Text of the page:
partnership development n.
Download
Skip this Video
Loading SlideShow in 5 Seconds..
Partnership Development PowerPoint Presentation
Download Presentation
Partnership Development

Loading in 2 Seconds...

play fullscreen
1 / 20

Partnership Development - PowerPoint PPT Presentation


  • 151 Views
  • Uploaded on

Chris Parmenter Colin Rose cbp804@mun.ca cjr788@mun.ca. Partnership Development. Source: Google Images. Contents. What is partnership development

loader
I am the owner, or an agent authorized to act on behalf of the owner, of the copyrighted work described.
capcha
Download Presentation

PowerPoint Slideshow about 'Partnership Development' - cerise


An Image/Link below is provided (as is) to download presentation

Download Policy: Content on the Website is provided to you AS IS for your information and personal use and may not be sold / licensed / shared on other websites without getting consent from its author.While downloading, if for some reason you are not able to download a presentation, the publisher may have deleted the file from their server.


- - - - - - - - - - - - - - - - - - - - - - - - - - E N D - - - - - - - - - - - - - - - - - - - - - - - - - -
Presentation Transcript
partnership development

Chris Parmenter Colin Rose

cbp804@mun.ca cjr788@mun.ca

Partnership Development

Source: Google Images

contents
Contents
  • What is partnership development
  • Different process’
  • Why choose a partnership?
  • First step
  • What to propose
  • Starting the partnership
  • Challenges and obstacles:
      • External
      • Internal
  • Implementation
  • Evaluation
  • Projects end
  • Tips
what is partnership development
What is Partnership Development?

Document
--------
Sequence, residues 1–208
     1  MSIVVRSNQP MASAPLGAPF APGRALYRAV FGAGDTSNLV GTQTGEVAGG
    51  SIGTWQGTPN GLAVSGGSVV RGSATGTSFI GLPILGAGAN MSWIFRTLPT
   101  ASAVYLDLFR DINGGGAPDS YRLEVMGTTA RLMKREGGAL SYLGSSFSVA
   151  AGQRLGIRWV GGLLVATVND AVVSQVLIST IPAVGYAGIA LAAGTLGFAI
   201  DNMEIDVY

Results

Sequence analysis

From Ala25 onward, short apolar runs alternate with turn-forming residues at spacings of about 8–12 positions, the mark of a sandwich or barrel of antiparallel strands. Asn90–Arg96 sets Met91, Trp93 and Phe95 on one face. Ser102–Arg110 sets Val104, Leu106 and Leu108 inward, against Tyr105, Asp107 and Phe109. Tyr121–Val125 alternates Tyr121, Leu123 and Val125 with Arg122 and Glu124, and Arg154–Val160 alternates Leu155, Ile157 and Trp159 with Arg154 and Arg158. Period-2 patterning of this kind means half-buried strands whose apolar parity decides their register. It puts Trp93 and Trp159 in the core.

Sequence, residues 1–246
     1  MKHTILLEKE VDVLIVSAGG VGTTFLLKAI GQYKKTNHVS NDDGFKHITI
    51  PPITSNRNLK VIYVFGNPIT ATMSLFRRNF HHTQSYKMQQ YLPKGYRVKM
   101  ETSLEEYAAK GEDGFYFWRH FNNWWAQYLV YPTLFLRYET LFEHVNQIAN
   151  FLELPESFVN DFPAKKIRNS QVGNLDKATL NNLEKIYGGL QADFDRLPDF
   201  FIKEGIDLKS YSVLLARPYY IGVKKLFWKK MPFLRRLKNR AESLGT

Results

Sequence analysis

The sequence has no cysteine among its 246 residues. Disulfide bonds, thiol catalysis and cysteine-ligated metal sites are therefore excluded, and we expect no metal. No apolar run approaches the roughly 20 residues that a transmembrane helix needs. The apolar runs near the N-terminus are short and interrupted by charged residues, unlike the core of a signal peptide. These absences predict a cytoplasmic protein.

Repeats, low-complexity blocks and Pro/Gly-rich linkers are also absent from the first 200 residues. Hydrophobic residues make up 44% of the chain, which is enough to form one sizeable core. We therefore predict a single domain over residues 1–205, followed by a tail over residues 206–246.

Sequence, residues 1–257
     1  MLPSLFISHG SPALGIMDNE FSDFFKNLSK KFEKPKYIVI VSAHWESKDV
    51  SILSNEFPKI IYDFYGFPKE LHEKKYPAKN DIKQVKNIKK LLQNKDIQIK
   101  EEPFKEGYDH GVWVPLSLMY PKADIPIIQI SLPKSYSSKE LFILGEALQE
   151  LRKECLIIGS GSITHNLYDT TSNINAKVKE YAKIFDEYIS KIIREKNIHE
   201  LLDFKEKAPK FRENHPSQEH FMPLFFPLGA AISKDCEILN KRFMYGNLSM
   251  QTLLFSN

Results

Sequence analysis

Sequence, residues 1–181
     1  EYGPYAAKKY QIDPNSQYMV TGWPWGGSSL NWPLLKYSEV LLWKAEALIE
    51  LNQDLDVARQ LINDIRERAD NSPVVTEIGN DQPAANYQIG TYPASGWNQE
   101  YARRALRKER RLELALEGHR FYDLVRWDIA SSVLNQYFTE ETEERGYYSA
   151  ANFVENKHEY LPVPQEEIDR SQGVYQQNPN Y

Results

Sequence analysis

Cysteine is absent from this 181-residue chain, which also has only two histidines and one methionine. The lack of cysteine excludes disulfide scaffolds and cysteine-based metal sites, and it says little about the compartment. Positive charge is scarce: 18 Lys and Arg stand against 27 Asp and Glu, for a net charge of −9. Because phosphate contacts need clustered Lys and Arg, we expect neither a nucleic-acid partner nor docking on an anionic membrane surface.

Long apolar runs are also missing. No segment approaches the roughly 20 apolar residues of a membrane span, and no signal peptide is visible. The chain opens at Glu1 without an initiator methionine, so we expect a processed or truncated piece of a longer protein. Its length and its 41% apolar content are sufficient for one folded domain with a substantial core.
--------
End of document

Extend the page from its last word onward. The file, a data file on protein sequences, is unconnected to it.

• The coming together of one or more individuals, organizations, or company groups to work together on a mutually beneficially project.
  • Built on trust, loyalty, sharing of knowledge, cooperation and integration between partners.
  • Partners recognize a problem, then explore ideas, agree on a solution and action is taken by all parties.
different processes
Different Processes

Source: Ros Tennyson. (2003) The Partnering Toolbook.

why a partnership
Why A Partnership?
  • Partnerships are developed because groups may need:
      • Resources
      • Funds
      • Experience
      • Knowledge
      • Labor work
      • Equipment
      • Resolution of a mutual problem
      • Expanding networks
      • Innovative approaches

Etc.

what then
What Then?
  • Your group will determine that a partnership is beneficial
  • Search for possible prospects
  • Research what you need in a partner and what groups can meet these requirements
  • Select potential partners
  • Establish initial meetings for proposal
what to propose
What To Propose?
  • In a partnership proposal, you are appealing to the other group, because you need what they have to offer. Keeping this in mind, some things that should be presented is the equity, transparency and mutual benefit that a partnership would bring.
slide8

Equity – Each partner contributes as a whole and every contribution is valued.

  • Transparency – Both parties are completely open and honest with each other, with absolutely no hidden agendas.
  • Mutual Benefit – Each partner benefits from each other and gain value.

Source: Google images

did they accept